China’s supreme court overturned the decade-old bribery and fraud conviction of a retail magnate on Thursday, a rare reversal amid a government drive to crack down on corporate misdeeds.

Zhang Wenzhong, the former chairman of retailer and supermarket operator Wumart, was prosecuted in northern Hebei province in 2007 and later sentenced to 12 years in prison and fined 500,000 yuan ($78,000).

A Wumart in Beijing. Photo: Wikicommons.

Zhang petitioned the Supreme People’s Court in 2016 and was given a retrial last year. The top court ruled that he had not committed the crimes and found that the lower court had made “errors” in its judgement.

Acquittals are extremely rare in China, where prosecutors boast a 99 percent conviction rate.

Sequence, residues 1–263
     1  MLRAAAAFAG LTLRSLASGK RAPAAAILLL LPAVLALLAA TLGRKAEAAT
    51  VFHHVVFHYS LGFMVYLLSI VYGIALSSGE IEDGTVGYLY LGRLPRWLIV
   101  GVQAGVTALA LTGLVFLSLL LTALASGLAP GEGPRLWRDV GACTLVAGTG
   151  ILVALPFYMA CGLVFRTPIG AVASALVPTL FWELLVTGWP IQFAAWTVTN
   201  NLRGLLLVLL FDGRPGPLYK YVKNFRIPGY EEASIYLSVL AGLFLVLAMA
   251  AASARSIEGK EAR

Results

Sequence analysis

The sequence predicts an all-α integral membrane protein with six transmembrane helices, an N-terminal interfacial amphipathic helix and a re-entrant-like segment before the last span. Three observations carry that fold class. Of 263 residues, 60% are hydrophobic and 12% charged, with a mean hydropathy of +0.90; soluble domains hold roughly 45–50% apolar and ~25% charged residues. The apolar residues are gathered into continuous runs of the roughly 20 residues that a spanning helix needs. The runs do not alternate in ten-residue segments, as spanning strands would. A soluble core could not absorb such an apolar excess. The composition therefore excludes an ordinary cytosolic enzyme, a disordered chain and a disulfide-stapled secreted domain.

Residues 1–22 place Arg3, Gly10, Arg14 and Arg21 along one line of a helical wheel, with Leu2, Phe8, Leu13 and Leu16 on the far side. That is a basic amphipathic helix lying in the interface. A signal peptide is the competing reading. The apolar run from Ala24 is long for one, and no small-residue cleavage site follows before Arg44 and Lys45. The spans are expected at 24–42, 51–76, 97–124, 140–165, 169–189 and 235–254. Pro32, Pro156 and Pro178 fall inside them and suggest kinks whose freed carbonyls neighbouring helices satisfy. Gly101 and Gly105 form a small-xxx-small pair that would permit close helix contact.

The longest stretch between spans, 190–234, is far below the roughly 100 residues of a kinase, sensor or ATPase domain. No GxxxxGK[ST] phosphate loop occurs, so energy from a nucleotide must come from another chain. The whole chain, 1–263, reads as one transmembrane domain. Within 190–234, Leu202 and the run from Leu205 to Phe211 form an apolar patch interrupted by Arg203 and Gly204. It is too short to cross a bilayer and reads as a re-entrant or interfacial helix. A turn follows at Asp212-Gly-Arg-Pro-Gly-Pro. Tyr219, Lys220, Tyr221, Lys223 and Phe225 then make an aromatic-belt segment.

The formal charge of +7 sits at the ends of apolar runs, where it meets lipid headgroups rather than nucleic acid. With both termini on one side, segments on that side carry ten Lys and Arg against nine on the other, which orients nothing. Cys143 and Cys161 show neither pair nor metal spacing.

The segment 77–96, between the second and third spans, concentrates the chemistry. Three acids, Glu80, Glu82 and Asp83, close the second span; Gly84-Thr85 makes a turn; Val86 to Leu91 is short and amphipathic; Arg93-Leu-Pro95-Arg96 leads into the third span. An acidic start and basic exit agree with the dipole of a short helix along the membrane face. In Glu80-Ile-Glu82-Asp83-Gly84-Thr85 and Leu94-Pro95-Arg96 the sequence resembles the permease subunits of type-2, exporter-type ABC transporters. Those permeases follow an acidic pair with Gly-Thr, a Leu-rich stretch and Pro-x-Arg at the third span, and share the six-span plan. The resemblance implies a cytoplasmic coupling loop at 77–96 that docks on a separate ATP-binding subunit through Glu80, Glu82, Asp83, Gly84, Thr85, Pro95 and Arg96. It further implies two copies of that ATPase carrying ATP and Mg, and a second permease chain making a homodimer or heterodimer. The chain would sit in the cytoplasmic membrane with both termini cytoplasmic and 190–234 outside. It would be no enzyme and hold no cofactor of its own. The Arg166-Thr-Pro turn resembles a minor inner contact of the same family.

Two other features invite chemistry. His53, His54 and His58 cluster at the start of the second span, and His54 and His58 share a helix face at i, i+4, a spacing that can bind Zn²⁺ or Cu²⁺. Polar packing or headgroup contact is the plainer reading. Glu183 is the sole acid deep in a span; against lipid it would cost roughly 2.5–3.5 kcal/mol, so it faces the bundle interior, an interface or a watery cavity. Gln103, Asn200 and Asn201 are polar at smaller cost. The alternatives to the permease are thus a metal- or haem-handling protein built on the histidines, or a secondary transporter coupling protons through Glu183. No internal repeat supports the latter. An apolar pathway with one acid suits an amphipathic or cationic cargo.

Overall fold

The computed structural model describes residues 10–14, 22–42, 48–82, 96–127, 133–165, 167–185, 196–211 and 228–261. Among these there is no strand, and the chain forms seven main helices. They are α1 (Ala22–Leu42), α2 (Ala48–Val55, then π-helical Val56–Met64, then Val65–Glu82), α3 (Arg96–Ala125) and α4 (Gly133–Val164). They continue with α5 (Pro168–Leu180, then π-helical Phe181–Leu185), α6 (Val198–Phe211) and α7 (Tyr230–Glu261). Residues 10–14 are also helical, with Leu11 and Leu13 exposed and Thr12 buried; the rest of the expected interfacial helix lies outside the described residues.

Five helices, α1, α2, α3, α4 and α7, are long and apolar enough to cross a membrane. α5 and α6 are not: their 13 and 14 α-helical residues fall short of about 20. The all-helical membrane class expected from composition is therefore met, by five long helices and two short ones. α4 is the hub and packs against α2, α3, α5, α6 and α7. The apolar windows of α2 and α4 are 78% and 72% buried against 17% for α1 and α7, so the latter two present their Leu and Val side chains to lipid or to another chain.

The ruling also comes as businesspeople have come under heightened scrutiny from authorities who have moved aggressively to prevent heavily-indebted large private companies from collapsing and triggering a financial crisis.

On May 10, a court sentenced the former high-flying head of troubled Anbang Insurance Group, Wu Xiaohui, to 18 years in prison for defrauding the company of more than $10 billion.

Wu has lodged an appeal, according to the state-run Global Times newspaper, which cited his lawyer.

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